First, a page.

Despite a rapid recovery of the Chinese economy in recent months, the People’s Bank of China has kept its main policy rates unchanged since spring. Financing conditions have become tighter, however, and money market rates have risen with the phase-out of the coronavirus stimulus last spring.
The PBoC implements monetary policy with a diverse monetary toolkit. The PBoC’s medium-term facility (MLF), targeted medium-term lending facility (TMLF) and pledged supplementary lending (PSL) provided to commercial banks saw more loans come due than were issued during the April-November period. Interest rates under these lending programmes have been steady since April, including the benchmark 12-month MLF rate (2.95 %). Furthermore, the central bank’s open market operations (OMO) in January-November caused a net reduction in market liquidity. PBoC market operations are carried out by issuing reverse repo contracts. Their rates have been kept unchanged since March (2.2 % on a 7-day reverse repo).
The reserve requirement ratio (RRR) was lowered for all banks in January and further for some banks in March-May. Since then, however, the general RRR levels have remained untouched. The reserve requirement changes, open market operations and lending programmes have led to an increase in market liquidity over the first eleven months of this year of about 1.9 trillion yuan, which is only slightly more than the 1.8-trillion-yuan increase in the same period last year. In addition to these measures, earlier this year the PBoC granted a total of 1.8 trillion yuan in lending and discount quotas to help pandemic containment and support firms (BOFIT Weekly 16/2020), as well as financing aimed at supporting small businesses. Loans to small businesses that were coming due this year have been granted extensions to end-March 2021.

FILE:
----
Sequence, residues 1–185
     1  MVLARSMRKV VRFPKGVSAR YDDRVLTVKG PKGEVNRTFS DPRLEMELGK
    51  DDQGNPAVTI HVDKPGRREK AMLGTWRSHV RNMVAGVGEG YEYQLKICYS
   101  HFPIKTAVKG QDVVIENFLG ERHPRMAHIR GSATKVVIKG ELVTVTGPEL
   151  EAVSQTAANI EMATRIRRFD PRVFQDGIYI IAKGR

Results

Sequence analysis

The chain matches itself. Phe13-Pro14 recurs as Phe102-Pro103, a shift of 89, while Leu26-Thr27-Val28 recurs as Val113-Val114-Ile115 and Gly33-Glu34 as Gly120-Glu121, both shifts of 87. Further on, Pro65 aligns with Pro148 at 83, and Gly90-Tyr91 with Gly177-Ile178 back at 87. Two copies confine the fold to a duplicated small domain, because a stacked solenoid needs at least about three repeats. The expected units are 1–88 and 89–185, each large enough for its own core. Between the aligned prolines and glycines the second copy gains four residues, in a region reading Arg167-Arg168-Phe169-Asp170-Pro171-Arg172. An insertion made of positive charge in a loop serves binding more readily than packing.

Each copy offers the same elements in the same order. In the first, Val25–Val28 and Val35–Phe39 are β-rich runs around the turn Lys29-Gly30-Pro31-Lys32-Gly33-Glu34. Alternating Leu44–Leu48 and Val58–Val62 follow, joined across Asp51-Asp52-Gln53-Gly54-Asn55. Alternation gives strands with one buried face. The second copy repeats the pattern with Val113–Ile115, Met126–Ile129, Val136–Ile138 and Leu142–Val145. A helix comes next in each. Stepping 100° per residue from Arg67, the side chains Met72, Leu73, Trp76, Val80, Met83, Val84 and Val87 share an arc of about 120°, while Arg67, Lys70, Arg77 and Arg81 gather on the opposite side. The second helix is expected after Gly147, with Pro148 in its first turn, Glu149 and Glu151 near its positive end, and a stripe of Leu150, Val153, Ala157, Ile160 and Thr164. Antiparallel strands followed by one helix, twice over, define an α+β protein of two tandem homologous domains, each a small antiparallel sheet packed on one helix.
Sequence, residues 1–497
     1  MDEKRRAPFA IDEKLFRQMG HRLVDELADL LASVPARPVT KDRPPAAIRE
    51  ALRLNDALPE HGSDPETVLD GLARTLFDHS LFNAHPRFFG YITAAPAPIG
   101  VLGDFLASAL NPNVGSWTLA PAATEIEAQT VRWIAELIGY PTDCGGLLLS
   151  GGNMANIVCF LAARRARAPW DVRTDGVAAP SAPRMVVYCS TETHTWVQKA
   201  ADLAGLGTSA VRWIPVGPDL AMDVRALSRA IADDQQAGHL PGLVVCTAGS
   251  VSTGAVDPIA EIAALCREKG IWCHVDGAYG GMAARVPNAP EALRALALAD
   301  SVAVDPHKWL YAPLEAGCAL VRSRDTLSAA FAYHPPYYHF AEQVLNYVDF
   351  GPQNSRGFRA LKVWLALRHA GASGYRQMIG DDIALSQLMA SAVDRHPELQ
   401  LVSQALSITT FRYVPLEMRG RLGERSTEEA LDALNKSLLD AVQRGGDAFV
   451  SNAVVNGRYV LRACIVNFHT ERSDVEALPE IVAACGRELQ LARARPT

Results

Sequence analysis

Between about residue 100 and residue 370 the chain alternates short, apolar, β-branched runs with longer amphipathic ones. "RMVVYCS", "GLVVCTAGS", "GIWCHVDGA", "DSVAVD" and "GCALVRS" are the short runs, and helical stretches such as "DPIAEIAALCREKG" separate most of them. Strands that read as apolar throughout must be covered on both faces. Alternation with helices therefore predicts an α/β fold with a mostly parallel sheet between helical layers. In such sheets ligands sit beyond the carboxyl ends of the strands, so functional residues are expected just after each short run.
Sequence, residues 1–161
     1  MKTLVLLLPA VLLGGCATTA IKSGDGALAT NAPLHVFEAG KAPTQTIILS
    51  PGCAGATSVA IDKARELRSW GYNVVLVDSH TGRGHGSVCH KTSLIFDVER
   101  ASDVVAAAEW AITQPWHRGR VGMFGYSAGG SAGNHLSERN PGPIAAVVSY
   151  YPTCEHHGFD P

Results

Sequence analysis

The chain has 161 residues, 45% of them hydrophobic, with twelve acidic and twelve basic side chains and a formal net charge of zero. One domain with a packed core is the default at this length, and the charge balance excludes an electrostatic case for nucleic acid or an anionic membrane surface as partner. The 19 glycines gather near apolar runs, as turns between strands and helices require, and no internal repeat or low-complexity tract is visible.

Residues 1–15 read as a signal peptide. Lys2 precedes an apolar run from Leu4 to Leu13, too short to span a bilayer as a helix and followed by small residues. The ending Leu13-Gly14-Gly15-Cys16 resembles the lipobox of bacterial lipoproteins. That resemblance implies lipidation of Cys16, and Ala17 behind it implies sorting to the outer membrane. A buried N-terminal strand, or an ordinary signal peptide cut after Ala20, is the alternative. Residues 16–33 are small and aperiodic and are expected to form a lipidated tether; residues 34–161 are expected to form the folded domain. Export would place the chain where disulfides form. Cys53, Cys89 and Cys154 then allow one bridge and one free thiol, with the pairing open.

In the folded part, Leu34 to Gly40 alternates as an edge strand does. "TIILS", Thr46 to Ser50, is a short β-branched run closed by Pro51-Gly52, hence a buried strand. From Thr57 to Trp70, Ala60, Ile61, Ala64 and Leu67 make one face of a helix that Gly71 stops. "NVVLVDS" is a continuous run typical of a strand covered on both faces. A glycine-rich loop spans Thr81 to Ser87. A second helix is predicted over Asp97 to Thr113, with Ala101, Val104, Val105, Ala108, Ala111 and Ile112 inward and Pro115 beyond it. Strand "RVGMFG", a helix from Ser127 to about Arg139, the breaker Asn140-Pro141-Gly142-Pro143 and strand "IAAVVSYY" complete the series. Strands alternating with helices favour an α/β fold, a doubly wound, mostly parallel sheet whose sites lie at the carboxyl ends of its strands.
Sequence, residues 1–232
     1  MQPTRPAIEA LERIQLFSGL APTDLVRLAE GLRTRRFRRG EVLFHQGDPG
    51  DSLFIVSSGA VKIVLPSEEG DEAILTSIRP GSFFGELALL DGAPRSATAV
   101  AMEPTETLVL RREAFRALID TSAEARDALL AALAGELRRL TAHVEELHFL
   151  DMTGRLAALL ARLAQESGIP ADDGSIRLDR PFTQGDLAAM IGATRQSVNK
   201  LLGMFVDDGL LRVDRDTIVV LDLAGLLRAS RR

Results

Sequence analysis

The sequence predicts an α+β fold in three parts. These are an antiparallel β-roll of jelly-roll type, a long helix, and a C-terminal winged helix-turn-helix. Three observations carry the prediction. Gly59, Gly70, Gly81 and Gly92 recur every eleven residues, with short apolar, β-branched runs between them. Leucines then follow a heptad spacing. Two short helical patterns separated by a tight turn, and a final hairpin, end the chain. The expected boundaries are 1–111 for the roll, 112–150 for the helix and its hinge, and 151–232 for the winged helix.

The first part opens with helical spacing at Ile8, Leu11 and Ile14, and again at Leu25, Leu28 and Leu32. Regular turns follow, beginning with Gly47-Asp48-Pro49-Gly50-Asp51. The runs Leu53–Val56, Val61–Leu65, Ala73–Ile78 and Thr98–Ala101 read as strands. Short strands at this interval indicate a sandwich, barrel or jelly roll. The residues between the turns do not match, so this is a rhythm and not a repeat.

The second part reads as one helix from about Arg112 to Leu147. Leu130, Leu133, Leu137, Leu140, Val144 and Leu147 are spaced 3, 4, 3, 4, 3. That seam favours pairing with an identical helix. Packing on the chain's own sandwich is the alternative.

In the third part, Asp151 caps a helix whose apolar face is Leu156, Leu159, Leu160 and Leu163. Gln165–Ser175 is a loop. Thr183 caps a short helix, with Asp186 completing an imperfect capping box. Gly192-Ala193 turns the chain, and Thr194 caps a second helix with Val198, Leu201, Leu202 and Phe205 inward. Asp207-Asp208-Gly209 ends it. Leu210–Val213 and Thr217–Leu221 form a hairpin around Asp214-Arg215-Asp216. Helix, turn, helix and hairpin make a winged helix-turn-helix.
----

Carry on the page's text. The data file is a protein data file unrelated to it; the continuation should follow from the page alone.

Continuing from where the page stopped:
The loan prime rate (LPR), the reference rate on bank loans based on the MLF rate, has remained unchanged since April (3.85 % on a 12-month loan). The PBoC reports on a quarterly basis the average rate on bank loans, which has hovered around 5.1 % this year.
Fall in consumer prices is not expected to affect the monetary policy stance, as the current inflation drop mainly reflects swings in pork prices, and not a general weakness in demand. The official inflation target (3.5 % this year), which is set annually along with other economic targets, largely serves as a desired ceiling for price growth rather than an actual monetary target. China’s core inflation rate has remained below the inflation target value for years and the CPI inflation has been above last year’s target (3 %) and currently is significantly below the target.
Rising financial market risk from soaring indebtedness is more of a concern for PBoC. Even if the growth in bank lending slowed marginally in November from previous months, the stock of bank loans still increased by 13 % y-o-y. The PBoC measure of total financing (aggregate financing to the real economy) was up by nearly 14 %. Observers generally do not expect any further hikes in policy rates this year. Moreover, the PBoC has tried to calm markets by announcing that it will not act hastily on signs of economic recovery, but rather seek to keep monetary policy “normal” as long as possible. The interest rate gap between China and the rest of the world has widened, causing the yuan’s exchange rate to appreciate.
Since the spring, the PBoC’s monetary policy measures have decreased market liquidity on net basis
Sources: PBoC, CEIC and BOFIT.